These tips come to you from American Greetings Christmas Card Editor, Courtney Rabideau…
To me, Christmas is about moments. In one of my favorites from my childhood, I am seven, and my parents have just given me the Christmas present of my dreams – an oak bookcase. The picture of me holding my arms up in victory upon seeing it is still an object of much delight…and, admittedly, much teasing.
When I write Christmas cards, either as an American Greetings Christmas Card Editor, or on my own, I try to capture the emotions behind moments like that one – the joy following a gift well-given, the suspense and then surprise of a Christmas morning, the delight that comes from family and fellowship and things much more important than bookcases.
Though the messages we all hope to convey during the holiday season undoubtedly vary, here are some things I try to keep in mind when I consider what to write in a Christmas card for our consumers or the people I love:
It’s okay to be simple
I think the things people most want to hear are actually quite simple – I love you. I hope you have a great holiday. I’m grateful for you. Write a novella if you feel compelled, but don’t fret if you’re staring at a blank card and all that is coming to mind is a sentence or two. Find the core of what you want to say, and even if you don’t say much else, say that.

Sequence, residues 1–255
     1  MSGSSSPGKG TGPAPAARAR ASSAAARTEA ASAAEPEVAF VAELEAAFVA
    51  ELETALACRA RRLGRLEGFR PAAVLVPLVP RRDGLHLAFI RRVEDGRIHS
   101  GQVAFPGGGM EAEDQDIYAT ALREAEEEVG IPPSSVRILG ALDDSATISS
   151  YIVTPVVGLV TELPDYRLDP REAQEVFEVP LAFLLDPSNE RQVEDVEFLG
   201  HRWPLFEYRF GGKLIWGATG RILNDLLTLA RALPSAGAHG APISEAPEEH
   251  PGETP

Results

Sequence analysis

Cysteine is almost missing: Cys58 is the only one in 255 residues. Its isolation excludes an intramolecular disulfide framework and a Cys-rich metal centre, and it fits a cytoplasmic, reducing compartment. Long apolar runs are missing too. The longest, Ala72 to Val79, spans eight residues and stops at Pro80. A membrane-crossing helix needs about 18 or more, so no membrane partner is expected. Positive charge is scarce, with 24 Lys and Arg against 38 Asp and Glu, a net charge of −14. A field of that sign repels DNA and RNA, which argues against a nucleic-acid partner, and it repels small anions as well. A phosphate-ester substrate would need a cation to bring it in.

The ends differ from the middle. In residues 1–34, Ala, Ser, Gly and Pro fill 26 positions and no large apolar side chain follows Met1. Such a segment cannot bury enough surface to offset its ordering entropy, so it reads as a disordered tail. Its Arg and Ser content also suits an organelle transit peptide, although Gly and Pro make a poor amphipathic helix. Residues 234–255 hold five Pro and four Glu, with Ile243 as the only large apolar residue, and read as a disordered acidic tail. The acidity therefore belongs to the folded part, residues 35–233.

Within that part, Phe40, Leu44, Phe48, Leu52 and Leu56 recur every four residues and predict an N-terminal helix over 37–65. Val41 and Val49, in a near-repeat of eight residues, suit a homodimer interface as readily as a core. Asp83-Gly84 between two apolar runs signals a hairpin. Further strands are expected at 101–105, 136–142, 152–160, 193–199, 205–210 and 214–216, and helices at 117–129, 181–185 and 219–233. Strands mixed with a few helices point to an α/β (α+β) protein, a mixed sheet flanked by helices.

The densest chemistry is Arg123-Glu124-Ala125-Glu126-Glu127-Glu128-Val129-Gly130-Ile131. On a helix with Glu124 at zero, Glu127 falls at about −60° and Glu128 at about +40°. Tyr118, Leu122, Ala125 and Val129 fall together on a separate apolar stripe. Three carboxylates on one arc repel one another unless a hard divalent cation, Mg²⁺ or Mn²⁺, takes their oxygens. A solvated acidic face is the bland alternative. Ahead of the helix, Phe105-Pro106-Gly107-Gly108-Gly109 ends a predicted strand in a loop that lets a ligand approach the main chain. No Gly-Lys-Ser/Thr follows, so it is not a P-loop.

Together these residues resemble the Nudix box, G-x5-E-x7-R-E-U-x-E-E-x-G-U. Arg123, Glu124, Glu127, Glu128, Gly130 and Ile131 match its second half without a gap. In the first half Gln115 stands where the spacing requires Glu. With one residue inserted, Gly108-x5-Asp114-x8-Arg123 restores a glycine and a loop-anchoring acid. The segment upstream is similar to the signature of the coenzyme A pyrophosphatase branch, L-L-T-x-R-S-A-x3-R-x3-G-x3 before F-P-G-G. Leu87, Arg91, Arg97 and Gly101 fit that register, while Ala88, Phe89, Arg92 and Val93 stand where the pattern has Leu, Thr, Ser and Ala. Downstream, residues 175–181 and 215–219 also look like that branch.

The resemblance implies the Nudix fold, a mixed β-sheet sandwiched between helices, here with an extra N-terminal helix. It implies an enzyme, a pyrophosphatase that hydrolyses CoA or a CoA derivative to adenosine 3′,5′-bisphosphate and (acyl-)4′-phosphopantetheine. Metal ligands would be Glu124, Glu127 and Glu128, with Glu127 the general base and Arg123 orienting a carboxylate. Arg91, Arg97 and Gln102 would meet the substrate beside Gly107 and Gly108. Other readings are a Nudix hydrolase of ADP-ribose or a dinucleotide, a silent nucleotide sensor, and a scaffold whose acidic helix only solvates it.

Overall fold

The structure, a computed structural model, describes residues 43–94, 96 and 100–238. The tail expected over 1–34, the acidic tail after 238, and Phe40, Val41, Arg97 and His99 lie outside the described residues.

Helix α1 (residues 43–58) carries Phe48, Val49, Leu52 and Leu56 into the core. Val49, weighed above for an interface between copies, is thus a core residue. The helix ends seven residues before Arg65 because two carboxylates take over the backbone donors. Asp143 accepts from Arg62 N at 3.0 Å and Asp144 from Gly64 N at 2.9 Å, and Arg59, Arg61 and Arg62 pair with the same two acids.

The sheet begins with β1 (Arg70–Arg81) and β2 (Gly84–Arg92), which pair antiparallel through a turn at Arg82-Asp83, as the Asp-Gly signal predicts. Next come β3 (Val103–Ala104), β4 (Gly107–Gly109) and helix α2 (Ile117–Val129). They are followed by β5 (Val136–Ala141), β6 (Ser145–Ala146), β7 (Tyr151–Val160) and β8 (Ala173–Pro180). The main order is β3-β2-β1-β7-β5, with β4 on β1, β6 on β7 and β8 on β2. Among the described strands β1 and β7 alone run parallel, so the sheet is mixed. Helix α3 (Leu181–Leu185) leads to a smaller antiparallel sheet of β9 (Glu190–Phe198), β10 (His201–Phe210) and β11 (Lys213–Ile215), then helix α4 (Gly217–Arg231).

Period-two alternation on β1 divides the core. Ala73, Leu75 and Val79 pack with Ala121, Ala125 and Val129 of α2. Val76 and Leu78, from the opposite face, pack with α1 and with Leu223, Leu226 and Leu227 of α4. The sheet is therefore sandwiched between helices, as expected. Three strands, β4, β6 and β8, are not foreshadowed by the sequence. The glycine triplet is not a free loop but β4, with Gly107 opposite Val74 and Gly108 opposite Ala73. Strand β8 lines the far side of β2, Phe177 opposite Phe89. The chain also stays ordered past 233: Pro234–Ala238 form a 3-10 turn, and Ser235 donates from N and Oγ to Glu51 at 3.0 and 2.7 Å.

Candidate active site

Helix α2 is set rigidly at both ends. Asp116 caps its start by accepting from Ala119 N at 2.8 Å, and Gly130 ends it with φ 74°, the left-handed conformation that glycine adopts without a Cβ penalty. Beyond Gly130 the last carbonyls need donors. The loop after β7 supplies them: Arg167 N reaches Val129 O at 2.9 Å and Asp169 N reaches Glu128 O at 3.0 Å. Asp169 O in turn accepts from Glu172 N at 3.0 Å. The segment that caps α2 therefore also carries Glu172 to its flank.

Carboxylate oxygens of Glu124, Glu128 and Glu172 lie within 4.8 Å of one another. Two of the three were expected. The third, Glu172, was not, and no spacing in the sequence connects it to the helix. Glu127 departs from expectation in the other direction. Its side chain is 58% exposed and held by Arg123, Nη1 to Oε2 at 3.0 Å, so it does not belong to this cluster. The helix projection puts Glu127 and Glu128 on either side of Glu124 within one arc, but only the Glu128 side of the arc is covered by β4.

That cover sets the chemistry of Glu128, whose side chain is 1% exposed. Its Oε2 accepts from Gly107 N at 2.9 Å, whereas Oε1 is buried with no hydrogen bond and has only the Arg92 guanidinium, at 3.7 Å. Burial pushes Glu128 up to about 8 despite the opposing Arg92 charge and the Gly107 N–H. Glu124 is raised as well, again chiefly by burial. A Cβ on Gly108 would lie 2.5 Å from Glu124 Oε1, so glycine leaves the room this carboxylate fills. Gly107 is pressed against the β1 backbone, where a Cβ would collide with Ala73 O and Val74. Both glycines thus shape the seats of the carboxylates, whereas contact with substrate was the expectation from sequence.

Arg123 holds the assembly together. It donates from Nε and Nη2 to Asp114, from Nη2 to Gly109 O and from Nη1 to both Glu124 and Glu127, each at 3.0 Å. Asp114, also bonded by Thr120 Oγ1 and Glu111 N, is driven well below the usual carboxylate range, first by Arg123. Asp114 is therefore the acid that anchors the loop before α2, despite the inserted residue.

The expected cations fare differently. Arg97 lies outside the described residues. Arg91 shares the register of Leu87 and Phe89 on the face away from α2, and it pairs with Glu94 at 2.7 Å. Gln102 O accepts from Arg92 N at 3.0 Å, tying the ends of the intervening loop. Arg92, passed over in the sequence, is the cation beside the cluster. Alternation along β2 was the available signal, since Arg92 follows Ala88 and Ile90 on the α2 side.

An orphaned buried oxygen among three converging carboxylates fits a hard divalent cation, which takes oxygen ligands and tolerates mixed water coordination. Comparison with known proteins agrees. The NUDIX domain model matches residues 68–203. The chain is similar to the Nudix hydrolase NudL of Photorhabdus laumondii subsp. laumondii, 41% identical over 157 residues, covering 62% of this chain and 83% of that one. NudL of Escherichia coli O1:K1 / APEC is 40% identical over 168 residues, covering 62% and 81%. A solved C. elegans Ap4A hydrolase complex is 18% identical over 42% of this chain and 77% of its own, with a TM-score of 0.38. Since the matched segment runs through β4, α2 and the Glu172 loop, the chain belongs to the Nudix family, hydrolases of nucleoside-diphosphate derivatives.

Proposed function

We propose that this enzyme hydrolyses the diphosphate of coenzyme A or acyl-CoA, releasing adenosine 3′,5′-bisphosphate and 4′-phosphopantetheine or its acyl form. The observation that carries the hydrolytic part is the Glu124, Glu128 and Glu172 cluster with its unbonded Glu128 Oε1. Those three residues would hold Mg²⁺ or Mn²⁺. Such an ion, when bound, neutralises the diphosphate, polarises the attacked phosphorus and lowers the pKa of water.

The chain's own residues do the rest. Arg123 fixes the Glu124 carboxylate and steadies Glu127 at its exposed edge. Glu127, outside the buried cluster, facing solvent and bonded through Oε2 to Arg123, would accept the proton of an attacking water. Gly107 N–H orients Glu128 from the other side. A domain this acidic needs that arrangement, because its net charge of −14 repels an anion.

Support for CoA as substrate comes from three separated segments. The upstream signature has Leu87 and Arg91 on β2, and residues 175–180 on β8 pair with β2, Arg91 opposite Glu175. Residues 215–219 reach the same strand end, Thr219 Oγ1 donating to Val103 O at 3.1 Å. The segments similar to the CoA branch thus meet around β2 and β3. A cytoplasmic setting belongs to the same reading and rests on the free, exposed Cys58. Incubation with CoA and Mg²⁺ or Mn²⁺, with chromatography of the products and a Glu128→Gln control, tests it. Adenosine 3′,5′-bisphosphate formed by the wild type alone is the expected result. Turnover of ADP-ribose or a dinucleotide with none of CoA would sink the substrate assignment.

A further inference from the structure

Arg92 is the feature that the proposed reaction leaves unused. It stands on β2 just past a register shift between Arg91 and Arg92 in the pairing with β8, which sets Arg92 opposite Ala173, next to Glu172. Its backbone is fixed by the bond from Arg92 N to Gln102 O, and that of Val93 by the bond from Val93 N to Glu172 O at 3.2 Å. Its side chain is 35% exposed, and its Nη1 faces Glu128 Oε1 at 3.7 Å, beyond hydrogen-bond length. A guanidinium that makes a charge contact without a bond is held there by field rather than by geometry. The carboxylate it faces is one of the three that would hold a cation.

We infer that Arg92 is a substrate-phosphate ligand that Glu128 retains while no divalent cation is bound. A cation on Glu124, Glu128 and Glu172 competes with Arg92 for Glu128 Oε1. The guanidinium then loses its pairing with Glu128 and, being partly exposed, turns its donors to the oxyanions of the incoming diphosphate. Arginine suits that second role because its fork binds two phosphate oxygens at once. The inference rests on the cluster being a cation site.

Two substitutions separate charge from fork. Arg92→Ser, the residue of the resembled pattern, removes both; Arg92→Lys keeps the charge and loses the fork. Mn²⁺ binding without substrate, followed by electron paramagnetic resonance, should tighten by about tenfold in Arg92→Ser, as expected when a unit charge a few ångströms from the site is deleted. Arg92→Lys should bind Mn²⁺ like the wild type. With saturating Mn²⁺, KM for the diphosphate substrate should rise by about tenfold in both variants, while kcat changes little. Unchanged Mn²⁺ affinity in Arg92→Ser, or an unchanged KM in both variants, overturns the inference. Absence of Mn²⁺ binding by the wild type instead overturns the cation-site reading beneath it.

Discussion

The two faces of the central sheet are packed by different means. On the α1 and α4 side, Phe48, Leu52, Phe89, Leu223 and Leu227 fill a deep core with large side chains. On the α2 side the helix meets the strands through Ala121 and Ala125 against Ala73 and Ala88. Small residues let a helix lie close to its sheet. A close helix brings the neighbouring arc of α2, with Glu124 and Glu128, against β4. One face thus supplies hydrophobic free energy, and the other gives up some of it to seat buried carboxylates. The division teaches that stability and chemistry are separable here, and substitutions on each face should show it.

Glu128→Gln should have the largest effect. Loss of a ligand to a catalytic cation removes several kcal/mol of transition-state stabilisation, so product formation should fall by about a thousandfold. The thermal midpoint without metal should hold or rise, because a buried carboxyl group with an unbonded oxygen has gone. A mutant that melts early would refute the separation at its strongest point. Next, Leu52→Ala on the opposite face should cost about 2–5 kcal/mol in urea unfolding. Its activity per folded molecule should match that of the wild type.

Remember the sender
We send cards, or at least I do, to make an emotional connection. Though holiday well-wishes certainly have their place in our programs, remember the sender. You are sending the card for them, so tailor your message to specifically relate to that person whenever possible.
No card is a bad card!
At the end of the day, the act of sitting down and writing a card for someone is a labor of love. Regardless of what you put inside, that shines through. Christmas cards are about spreading the cheer and excitement of the season, not about finding exactly the right words.
What messages do you hope to convey during the holiday season? I’d love to hear what you have to say!